My favorite photovoice interviews are always the ones where the individual took the initiative to not only document her problems and perspective, but the plight of the rest of her community members as well. This woman went to all of the houses in the community and would go behind back and take pictures of their leaking septic tanks, even if they weren’t home. For the houses she couldn’t access, she snapped blurry pictures through holes in the palm branch fences. This also was my hardest interview yet. Four women sat around me and told me how they are slaves in their own homes because they have no job opportunities and are thus entirely dependent on and controlled by their husbands’ income. The women in the community have no voice and value without their own job opportunities and are stuck at home doing housework. I think this interview might haunt me for a while.
Yesterday when we were waiting for the bus on the main road, we stood at the fringes of India’s own version of a grassroots protest. In this coastal part of Tamil Nadu, small communities have been organizing for months to protest the killings of Tamil fishermen that have happened steadily for the past ten years at the hands of the Sri Lankan government, with no acknowledgement or protection from India. They had posters that displayed the grotesque bodies of fishermen who had been shot by the Sri Lankan coast guard, and men wore small squares of black fabric pinned to their chests in observance of the deaths of two of their own fishermen two days before. One man had a faulty megaphone and lead chants, while the rest blocked the roads and lit a couple of tires on fire. The protest was still peaceful; after making traffic wait for a few minutes, the protestors would part and wave a small stream of busses and motorbikes through before resuming their stand.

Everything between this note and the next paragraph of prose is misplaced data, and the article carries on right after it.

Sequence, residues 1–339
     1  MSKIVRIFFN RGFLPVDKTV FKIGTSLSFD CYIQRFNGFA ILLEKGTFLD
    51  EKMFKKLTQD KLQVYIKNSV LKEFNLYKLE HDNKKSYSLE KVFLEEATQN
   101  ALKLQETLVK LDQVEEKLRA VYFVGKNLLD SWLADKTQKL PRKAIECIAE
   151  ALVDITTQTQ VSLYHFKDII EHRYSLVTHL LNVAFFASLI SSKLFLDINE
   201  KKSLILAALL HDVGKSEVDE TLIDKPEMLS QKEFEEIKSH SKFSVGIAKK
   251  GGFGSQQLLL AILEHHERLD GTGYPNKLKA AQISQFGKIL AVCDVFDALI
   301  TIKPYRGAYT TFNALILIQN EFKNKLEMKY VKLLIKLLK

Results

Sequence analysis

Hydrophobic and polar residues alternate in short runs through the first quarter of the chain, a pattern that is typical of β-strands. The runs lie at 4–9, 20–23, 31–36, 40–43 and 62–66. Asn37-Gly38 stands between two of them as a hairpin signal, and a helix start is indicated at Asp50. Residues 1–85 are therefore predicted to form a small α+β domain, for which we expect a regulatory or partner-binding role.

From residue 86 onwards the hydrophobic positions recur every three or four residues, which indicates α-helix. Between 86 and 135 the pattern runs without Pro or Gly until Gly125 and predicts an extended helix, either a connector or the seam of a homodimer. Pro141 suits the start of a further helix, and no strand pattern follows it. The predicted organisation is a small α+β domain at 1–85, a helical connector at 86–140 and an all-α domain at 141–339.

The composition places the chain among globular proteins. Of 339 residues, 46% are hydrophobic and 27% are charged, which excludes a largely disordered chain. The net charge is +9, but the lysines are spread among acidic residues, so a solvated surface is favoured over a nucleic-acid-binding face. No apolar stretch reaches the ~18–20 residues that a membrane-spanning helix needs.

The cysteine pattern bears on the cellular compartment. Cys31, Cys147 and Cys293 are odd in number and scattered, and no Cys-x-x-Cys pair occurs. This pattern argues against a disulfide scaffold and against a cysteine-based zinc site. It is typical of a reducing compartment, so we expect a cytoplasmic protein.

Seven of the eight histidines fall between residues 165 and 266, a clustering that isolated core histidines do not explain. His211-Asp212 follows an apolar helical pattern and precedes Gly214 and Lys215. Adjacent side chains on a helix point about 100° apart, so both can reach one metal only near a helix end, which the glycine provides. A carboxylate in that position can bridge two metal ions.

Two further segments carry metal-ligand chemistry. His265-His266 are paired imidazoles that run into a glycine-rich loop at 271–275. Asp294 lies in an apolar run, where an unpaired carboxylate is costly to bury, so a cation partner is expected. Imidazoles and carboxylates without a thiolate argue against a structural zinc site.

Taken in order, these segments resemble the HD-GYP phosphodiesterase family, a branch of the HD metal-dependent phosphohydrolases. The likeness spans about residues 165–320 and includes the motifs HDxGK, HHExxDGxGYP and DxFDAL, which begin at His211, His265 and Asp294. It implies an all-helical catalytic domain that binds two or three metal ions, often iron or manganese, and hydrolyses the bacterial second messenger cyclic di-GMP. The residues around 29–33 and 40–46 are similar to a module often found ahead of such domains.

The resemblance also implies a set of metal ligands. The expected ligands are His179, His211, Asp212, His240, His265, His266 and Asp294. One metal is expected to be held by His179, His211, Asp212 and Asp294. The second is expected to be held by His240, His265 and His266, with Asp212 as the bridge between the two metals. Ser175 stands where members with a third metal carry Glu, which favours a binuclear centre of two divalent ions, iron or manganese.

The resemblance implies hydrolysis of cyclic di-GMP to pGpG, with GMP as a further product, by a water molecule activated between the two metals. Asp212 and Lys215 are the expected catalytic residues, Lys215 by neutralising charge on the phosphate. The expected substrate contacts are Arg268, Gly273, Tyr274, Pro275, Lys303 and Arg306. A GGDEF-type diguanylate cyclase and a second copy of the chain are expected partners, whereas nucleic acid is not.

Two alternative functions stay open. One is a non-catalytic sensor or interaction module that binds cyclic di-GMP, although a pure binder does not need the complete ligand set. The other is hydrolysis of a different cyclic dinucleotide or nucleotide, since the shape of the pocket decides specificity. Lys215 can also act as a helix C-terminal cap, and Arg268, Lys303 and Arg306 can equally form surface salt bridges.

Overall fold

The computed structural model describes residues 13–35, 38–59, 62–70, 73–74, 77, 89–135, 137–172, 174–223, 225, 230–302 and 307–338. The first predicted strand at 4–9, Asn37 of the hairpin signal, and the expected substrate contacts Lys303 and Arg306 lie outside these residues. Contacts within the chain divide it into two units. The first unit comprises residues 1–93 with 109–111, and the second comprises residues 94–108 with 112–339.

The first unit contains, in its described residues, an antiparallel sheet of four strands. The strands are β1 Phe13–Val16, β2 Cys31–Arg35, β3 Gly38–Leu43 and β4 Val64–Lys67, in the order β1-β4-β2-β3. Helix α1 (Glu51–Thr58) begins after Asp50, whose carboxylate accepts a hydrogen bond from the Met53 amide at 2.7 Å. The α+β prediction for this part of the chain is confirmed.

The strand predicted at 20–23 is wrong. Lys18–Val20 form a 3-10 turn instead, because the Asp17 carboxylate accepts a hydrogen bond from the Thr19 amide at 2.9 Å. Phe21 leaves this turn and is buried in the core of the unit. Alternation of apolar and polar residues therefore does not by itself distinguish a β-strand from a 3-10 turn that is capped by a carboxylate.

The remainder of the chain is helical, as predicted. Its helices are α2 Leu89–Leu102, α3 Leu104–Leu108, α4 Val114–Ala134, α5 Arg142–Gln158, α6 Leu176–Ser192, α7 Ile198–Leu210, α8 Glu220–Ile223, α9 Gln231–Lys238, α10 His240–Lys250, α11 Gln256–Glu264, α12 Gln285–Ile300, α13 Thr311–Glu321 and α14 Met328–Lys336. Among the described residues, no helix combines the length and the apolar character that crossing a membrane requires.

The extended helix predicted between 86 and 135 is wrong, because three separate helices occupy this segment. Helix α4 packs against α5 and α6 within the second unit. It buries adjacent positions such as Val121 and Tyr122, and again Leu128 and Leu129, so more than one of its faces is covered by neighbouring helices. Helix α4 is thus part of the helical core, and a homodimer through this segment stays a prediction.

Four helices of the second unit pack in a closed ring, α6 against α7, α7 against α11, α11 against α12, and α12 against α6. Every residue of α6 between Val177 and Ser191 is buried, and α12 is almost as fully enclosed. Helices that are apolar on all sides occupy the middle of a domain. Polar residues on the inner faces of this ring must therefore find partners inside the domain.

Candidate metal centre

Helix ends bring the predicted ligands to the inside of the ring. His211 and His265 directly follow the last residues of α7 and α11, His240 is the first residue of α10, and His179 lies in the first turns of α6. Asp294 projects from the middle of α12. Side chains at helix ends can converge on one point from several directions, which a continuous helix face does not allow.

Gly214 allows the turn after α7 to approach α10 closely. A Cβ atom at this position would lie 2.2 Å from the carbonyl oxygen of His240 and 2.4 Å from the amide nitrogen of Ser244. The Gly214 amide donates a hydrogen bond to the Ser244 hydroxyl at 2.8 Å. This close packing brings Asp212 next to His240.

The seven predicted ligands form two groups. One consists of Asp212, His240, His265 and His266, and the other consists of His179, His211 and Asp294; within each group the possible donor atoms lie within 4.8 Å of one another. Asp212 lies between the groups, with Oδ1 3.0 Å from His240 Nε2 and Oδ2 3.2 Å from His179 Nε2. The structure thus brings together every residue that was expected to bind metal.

I celebrated the end of two long weeks of data collection by rewarding myself with a day of scuba diving off the coast of Pondicherry. I went with Temple Adventures (highly recommend based on the staff and equipment, seeing that they don’t have much control over the dives and conditions) and dove with a Romanian and an American. The rest of the people going on adventures that weekend were brave Indians who took the Discover Scuba Diving course, a controlled intro to scuba diving, and it was hilarious to watch large packs of them fold each other into wetsuits for the first time and take selfies. The most exciting part of the day was when I successfully survived more than three hours on a boat on quite choppy water without vomiting everywhere (which is my usual go-to when I’m on a boat or out scuba diving; just ask my sister). The sea life in this area isn’t spectacular: it’s clear that a lot of the coral reefs and fish have been really negatively affected by the over-fishing and the motor boats that frequent the harbors as well as the somewhat unregulated pollution of coastal waters. The second dive served as a measure of ocean pollution, as we were attacked by jelly fish and sea mites, and saw a couple of motorbikes and a small bus sunken to the bottom of the ocean and now covered in barnacles. Sea mite rash and a wetsuit sunburn are going to be fun things to explain to the old aunties who invasively poke at me and wonder how I’m still surviving.